Yes, that would be great, a function that knows which one to delete.
The polygons inside the mesh are not double polygons; they are somewhere, and finding which one to keep is not easy for an algorithm.
So, the first test for me is typically the Modeling Check; do it on a copy while hiding the original. It lets you see what the whole thing is about and lets you select the parts that will not work.
If you delete them, you might delete too much, but if you do it with a copy, it helps to understand the problem.
Next is a simple one: place the object under a Subdivision Surface. It shows often where things went wrong.
With that knowledge, some polygons can be picked out pulled on to see if they are connected, etc. CMD-Z brings it back, then uses the selected and Selection> Hide Selected. With this, more can be seen inside of the object.
Now comes the hard part: repair or start over.
The answer was easy in this case: start over, but use a few polygons to be fast with it.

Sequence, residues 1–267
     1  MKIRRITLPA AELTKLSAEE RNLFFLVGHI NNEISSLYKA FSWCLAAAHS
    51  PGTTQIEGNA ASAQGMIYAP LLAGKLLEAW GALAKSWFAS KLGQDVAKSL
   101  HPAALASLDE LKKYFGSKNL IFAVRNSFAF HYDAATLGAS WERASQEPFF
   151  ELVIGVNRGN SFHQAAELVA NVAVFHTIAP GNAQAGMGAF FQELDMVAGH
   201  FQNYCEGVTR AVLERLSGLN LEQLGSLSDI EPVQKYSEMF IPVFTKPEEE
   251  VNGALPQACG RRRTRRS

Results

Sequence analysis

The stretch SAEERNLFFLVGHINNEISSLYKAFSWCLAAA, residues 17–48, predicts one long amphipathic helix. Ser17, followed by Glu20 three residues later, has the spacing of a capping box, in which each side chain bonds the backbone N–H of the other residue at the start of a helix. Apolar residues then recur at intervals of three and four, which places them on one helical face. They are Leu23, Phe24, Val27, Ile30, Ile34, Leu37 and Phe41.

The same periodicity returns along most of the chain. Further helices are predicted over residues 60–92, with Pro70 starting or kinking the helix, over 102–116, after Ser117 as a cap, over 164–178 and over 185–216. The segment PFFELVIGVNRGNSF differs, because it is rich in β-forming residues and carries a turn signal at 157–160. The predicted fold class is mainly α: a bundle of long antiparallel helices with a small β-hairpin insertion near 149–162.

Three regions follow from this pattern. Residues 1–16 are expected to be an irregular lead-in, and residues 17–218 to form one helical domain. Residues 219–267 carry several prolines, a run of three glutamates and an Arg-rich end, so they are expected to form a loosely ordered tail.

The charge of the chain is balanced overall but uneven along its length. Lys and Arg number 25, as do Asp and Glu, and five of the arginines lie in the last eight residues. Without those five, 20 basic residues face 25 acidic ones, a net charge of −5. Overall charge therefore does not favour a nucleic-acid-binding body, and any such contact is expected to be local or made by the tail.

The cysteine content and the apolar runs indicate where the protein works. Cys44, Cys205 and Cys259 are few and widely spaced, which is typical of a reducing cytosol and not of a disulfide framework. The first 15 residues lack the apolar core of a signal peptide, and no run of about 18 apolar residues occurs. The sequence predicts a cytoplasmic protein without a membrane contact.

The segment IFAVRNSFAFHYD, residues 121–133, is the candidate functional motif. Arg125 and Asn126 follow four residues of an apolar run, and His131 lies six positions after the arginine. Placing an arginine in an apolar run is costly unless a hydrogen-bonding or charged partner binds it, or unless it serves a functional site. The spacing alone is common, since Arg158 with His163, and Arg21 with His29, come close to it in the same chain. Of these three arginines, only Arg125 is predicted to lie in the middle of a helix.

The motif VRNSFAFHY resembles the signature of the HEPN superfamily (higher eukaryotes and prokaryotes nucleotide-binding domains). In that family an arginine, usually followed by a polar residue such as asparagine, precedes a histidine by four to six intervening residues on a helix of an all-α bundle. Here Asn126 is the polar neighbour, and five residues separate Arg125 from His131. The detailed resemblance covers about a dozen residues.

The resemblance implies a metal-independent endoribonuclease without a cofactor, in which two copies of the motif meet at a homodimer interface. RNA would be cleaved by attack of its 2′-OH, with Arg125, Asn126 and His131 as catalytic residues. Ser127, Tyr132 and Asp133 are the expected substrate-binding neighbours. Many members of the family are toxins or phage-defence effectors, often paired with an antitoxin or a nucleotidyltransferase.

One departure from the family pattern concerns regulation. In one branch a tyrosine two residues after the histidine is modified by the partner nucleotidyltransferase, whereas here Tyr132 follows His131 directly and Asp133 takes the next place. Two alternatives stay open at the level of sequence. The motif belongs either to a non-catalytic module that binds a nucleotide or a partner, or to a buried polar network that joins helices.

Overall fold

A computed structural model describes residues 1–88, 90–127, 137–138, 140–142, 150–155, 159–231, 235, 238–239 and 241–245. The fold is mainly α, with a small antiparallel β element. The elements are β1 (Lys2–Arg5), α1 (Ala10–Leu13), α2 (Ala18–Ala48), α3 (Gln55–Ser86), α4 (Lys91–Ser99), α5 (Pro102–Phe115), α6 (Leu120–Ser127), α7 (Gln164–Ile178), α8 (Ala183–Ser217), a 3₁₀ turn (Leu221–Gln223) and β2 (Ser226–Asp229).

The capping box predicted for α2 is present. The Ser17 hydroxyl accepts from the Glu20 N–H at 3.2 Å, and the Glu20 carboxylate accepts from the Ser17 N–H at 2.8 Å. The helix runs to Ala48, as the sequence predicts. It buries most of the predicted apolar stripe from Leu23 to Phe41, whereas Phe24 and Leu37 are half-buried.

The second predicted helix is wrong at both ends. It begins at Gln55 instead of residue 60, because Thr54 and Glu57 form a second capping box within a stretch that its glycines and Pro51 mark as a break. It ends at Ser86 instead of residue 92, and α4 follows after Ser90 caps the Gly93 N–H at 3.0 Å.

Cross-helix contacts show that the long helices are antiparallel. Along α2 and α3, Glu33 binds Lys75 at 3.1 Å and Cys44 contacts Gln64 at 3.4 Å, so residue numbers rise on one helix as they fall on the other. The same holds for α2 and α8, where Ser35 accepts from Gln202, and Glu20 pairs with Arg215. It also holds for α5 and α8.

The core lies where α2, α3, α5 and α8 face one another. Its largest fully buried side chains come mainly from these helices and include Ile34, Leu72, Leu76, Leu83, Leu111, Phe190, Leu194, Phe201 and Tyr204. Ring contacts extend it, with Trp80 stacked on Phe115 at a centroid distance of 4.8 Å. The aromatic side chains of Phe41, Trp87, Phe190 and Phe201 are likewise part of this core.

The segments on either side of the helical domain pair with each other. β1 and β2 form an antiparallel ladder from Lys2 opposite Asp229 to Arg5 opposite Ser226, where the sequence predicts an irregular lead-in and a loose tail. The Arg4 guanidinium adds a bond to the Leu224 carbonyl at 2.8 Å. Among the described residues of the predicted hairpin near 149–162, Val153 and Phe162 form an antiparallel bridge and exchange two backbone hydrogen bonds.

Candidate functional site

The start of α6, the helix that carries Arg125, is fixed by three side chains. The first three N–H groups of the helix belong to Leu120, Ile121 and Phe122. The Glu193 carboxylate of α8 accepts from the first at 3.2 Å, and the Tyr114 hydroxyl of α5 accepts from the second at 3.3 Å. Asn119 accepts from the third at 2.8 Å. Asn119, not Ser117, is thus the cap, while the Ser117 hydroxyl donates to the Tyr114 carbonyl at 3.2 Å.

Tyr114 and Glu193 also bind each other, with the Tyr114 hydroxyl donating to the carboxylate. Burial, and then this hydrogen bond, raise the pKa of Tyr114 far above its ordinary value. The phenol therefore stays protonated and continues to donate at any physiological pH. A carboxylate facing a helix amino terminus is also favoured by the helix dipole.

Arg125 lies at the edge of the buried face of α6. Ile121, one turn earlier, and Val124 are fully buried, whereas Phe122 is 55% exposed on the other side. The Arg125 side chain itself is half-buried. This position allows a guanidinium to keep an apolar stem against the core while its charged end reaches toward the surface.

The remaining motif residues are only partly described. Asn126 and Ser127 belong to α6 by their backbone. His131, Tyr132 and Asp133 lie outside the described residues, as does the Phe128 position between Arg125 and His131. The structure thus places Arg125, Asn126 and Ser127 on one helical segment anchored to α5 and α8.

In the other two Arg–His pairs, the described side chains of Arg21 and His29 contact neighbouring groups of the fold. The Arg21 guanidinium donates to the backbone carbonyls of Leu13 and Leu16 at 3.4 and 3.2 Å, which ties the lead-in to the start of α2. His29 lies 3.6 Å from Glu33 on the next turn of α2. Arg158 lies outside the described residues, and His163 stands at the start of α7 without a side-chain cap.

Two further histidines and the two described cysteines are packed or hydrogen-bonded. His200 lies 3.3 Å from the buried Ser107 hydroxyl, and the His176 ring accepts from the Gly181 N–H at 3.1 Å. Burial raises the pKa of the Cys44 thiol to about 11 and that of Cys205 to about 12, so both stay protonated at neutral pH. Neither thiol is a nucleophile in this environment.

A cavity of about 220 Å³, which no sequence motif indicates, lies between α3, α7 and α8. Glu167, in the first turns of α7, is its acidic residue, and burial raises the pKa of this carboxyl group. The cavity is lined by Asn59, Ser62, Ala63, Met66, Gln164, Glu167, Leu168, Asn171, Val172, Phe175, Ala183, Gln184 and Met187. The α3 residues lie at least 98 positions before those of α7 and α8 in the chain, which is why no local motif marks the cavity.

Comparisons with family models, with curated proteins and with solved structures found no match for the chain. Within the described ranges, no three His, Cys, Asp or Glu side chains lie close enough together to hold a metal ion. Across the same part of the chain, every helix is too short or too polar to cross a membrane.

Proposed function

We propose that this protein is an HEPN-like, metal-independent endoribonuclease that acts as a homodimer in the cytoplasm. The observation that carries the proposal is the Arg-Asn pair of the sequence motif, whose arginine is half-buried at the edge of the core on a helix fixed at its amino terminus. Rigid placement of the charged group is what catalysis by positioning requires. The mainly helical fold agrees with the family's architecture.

The front frame selected (visible only), Invert [U~I], then delete all others.
The remainder selected and Extrude with Create Caps on.
The offset can be measured from the original part.
Now: Create Caps OFF! This is often forgotten and creates models like the problem model we discuss. So, always OFF after an operation.
Then offset some of the other parts (Symmetry selection can help here)
The lower part of the frame has a titled area, which can be easily moved with the related points. Extrude the small side as in the original. Done.
Check with SDS to see how that should have looked to gain an idea for future tasks.
All the best